In tapping Judy Shelton to become one of two Federal Reserve Board governors, President Donald Trump selected one of the minority of mainstream economists supportive of a return to the gold standard and critical of central bank activity.
Shelton, who serves as the U.S. executive director at the European Bank for Reconstruction and Development, wrote as recently as last year in support of pegging the dollar to gold prices.
Trump announced his intention to nominate both Shelton and St. Louis Fed economist Christopher Waller via tweet on Tuesday.
Shelton's unorthodox monetary beliefs will likely draw questions from Senate lawmakers, who will ultimately need to approve Shelton and Waller to the Fed board.
In a post published by the libertarian think tank Cato Institute in 2018, Shelton drew a comparison between cryptocurrencies and gold.
"If the appeal of cryptocurrencies is their capacity to provide a common currency, and to maintain a uniform value for every issued unit, we need only consult historical experience to ascertain that these same qualities were achieved through the classical international gold standard," she wrote.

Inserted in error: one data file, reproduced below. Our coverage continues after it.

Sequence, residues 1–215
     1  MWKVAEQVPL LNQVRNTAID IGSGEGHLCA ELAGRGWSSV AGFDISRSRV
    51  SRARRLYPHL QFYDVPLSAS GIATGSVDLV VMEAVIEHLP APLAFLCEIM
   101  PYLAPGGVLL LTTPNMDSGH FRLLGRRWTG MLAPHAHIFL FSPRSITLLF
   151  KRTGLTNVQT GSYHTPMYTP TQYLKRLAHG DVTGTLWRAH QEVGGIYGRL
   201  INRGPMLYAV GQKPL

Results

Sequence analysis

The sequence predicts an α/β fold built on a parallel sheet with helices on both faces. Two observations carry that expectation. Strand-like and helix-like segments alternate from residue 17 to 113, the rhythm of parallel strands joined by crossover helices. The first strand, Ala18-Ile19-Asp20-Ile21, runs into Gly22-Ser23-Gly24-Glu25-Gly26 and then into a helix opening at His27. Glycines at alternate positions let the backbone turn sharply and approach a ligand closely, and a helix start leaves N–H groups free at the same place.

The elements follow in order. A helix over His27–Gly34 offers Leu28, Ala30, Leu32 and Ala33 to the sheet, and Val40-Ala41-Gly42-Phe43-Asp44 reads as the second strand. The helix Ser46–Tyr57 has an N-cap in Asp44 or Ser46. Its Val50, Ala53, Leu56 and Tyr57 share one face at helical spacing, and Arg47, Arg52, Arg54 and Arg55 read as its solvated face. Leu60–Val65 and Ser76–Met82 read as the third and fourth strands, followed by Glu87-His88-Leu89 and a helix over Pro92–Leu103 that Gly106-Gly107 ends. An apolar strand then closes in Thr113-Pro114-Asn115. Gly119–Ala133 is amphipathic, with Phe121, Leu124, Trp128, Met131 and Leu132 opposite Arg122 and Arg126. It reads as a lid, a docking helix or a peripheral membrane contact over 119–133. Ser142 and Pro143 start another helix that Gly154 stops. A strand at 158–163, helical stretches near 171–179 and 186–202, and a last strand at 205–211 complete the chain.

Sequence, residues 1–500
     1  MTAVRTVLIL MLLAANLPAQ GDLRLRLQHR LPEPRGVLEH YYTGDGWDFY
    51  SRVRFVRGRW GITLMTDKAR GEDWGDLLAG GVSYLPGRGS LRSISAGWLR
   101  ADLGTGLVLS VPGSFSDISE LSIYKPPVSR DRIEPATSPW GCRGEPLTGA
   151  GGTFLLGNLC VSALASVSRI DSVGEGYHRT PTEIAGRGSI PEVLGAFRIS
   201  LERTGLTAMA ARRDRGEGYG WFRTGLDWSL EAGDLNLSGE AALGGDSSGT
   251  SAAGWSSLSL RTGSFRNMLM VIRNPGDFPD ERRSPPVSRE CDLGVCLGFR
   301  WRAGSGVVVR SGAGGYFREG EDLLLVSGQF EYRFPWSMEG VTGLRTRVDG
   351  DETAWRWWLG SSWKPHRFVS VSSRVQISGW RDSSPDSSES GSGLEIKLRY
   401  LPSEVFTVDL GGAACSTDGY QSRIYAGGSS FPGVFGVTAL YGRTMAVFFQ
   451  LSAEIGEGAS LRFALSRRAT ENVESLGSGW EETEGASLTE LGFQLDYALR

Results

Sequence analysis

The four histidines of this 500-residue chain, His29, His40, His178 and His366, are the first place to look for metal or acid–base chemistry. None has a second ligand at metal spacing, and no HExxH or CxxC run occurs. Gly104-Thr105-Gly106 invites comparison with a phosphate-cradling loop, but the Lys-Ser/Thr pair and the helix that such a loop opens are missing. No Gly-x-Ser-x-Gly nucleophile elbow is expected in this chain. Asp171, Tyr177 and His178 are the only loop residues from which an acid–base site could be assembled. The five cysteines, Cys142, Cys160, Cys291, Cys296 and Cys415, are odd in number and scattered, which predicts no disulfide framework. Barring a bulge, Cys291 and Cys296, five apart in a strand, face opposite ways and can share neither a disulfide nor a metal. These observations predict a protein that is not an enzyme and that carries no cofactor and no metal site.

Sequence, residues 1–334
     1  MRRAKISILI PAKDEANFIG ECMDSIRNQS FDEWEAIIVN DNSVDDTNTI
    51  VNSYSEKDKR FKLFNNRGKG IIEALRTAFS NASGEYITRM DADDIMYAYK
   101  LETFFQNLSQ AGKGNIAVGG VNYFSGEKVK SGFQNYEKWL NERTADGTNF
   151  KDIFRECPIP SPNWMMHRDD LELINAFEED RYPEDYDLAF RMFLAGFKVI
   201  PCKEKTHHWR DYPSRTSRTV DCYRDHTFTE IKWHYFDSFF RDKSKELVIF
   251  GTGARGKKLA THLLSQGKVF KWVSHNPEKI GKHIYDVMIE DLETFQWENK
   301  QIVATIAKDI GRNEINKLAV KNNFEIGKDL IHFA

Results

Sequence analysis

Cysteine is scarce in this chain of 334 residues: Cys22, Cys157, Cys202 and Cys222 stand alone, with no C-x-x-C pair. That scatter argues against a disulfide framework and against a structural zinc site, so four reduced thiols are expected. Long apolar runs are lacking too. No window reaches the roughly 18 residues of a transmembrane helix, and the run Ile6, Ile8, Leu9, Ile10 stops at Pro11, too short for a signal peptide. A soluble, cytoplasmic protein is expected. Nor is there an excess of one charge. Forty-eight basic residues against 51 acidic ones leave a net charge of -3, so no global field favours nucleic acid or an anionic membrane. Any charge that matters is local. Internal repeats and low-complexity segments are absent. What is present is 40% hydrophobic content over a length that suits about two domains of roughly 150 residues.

"In proposing a new international monetary system linked in some way to gold, America has an opportunity to secure continued prominence in global monetary affairs."
The choice of Shelton may hint at Trump's growing frustration with Fed leaders and the direction of the central bank's monetary policy. Trump has argued that higher interest rates and so-called quantitative tightening have capped GDP growth and dampened the U.S. position in trade deliberations with Beijing.
Two previous Trump nominees, Stephen Moore and Herman Cain, bowed out of consideration after it became clear their confirmation process was in jeopardy.
Shelton, no fan of the Fed's, recently argued against an overly active central bank.
Questioned in a recent interview with the Wall Street Journal opinion page whether the U.S. central bank should lower rates she said, "The answer is yes."
"When you have an economy primed to grow because of reduced taxes, less regulation, dynamic energy and trade reforms, you want to ensure maximum access to capital," she told the Journal. "The Fed's practice of paying banks to keep money parked at the Fed in deposit accounts instead of going into the economy is unhealthy and distorting; the rate should come down quickly as the practice is phased out."